The bill as written also implies that there are large tracts of land on state parks that are unutilized by the public and fails to take into consideration that there are well over 1,000 miles of hiking trails already in existence on these areas. Hiking is one of the main reasons visitor cite for coming to our state parks; and it is very unlikely that logging could be conducted without adversely effecting this major use of our state park lands.
The total acreage of the state park system is roughly 80,000 acres. There are 12 million acres of forest land in West Virginia so that means these public lands comprise about one-half of 1 percent of the total forest land in West Virginia. It is not too much to ask, in my opinion, that this small acreage be left untouched by logging especially when one considers the economic impact from our parks. Based upon the DNR FY2017 Annual Report, the total economic impact of the system ANNUALLY ranges between $160.5 million and $189.5 million. Economic impact is a measure of fresh money infused into the state’s economy that likely would have not be generated in the absence of the park system. Let’s face it – the vast majority of humans prefer to recreate in undisturbed forested areas so let’s not risk comprising this valuable economic asset.
In addition, another concern I have is the construction of permanent roads. Skid roads and landings could be “put to bed” and be mulched and reseeded. Many permanent roads, however, would need to be constructed and that’s presents a different issue. Long term maintenance is required for these roads, and there is no provision of where the funding will come from to perform it. This is a criticism that I have long held with regard to state forest timber sales as well as with many DNR lands.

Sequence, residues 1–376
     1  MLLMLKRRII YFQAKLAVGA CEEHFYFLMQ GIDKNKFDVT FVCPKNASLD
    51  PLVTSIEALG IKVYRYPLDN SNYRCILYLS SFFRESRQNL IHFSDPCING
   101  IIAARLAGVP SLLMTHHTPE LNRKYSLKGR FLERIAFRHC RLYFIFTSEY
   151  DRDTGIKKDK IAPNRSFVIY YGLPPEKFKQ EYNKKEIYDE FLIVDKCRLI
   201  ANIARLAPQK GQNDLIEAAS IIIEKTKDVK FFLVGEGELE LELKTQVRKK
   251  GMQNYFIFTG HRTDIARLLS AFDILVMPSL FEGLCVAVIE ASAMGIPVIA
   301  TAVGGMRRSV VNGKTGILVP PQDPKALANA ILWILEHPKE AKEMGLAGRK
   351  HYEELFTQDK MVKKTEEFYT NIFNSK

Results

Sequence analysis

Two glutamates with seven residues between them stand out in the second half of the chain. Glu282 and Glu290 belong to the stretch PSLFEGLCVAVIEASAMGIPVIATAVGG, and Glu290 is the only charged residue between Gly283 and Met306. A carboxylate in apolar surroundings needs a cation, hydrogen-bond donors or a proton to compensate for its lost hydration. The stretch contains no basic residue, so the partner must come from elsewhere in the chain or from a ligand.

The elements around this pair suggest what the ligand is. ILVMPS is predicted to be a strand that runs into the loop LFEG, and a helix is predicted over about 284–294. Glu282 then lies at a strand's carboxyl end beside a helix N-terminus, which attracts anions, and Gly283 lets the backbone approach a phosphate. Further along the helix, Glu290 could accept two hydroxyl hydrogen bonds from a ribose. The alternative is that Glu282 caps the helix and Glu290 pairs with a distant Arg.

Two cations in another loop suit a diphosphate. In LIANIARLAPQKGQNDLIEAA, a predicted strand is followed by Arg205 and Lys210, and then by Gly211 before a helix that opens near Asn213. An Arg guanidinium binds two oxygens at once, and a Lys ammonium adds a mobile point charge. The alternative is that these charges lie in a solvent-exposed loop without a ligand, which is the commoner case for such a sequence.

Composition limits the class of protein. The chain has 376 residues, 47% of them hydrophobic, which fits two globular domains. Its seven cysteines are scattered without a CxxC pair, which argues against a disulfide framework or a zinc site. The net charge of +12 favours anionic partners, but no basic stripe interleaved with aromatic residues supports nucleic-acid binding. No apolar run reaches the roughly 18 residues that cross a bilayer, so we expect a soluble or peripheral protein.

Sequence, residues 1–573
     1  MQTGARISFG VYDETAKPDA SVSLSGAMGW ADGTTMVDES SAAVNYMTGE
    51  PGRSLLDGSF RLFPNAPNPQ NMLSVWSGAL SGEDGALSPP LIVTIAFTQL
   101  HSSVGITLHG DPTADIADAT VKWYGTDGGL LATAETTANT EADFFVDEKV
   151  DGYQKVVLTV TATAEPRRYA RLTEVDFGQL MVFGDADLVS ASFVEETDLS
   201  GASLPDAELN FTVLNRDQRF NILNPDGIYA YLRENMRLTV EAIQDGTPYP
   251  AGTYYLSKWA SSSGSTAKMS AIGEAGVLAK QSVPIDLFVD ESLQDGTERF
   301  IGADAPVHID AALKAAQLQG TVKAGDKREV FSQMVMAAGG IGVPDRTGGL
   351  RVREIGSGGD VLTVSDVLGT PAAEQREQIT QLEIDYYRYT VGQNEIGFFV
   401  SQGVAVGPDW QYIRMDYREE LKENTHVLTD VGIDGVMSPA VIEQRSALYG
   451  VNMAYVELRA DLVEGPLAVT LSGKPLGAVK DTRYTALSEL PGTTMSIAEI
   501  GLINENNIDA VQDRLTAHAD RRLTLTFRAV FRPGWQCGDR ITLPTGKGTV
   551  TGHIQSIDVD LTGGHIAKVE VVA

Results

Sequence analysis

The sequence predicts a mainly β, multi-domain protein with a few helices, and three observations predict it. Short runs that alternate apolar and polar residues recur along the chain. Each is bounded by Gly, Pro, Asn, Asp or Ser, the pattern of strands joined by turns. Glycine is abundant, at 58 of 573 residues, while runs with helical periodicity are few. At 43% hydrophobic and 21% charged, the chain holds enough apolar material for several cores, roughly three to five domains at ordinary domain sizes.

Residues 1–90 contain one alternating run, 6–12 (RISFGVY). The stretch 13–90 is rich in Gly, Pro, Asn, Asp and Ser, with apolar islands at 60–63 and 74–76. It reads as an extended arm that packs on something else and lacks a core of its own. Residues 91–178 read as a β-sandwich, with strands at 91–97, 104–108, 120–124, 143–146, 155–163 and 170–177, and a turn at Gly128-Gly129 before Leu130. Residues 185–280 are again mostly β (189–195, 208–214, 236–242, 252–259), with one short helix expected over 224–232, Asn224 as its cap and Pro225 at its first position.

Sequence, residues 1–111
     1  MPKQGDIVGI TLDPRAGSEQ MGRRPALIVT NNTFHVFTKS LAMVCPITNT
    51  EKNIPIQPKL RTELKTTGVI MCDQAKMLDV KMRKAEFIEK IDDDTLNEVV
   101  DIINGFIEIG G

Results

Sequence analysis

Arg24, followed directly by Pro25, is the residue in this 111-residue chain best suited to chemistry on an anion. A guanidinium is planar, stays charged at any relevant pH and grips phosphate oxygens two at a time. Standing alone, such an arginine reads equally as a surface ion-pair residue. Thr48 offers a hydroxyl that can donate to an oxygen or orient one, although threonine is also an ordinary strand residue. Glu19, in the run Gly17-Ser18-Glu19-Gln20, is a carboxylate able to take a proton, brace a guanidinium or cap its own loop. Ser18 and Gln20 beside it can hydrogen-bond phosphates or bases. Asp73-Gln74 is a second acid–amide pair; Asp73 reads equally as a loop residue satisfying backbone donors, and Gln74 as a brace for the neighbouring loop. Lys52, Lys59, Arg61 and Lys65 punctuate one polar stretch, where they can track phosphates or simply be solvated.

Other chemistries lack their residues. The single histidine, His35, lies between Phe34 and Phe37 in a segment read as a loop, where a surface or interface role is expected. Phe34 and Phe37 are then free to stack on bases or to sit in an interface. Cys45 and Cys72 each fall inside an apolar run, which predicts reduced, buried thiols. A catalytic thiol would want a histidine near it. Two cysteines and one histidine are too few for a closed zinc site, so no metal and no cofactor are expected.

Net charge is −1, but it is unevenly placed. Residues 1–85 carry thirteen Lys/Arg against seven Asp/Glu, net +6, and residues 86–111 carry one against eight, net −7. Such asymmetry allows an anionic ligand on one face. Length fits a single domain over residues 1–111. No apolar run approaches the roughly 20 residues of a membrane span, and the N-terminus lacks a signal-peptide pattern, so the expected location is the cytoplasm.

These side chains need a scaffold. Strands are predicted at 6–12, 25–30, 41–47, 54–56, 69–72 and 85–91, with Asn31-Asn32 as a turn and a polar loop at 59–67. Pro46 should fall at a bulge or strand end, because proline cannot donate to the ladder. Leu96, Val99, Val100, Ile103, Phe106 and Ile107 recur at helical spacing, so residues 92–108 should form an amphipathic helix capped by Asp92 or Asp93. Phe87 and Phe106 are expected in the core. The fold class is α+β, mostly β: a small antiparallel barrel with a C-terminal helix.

State parks do suffer from a backlog of deferred maintenance needs and a solution is desperately needed. There have been several alternatives put forward to address the issue. One that I think has a lot of merit is to increase the percentage of funding the system receives from the State of West Virginia’s use of its purchasing cards. Like you or I the state gets a rebate. Currently, parks receive 10 percent of this fund which translates into about $600,000 annually. Increasing this percentage by another 10 percent or so would generate enough funds for a hefty bond sale which could put our parks in first class condition. Another environmental friendly proposal would be to place a small tax on plastic bags. I’m sure there are many others.
West Virginia should have as a goal to strive to be at the top of every good list and at the bottom of every bad one. Unfortunately, we are at the top of too many bad lists.
Our state park system, however, is at the top of the good list. Let’s work to keep it that way!!
Robert Beanblossom retired after a 42-year career with the West Virginia Division of Natural Resources. A member of the Society of American Foresters he is the volunteer caretaker at the Cradle of Forestry in western North Carolina. Email: firstname.lastname@example.org. This article previously appeared in the Buckhannon Record Delta.